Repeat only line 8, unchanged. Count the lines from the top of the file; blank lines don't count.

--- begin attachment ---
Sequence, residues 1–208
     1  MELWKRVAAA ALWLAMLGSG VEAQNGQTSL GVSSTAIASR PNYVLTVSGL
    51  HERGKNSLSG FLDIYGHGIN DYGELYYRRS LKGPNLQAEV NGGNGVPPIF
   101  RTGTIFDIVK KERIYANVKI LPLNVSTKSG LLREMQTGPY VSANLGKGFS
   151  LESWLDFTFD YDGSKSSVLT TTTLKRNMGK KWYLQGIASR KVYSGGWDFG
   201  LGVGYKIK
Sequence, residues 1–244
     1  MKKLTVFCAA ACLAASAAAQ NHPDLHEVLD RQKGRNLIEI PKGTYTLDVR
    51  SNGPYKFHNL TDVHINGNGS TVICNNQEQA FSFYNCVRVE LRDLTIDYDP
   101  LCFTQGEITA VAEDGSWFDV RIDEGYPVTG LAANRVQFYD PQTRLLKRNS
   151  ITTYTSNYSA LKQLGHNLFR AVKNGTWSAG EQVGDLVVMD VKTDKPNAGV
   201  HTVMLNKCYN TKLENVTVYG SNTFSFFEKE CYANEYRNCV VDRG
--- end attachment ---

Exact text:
     1  MKKLTVFCAA ACLAASAAAQ NHPDLHEVLD RQKGRNLIEI PKGTYTLDVR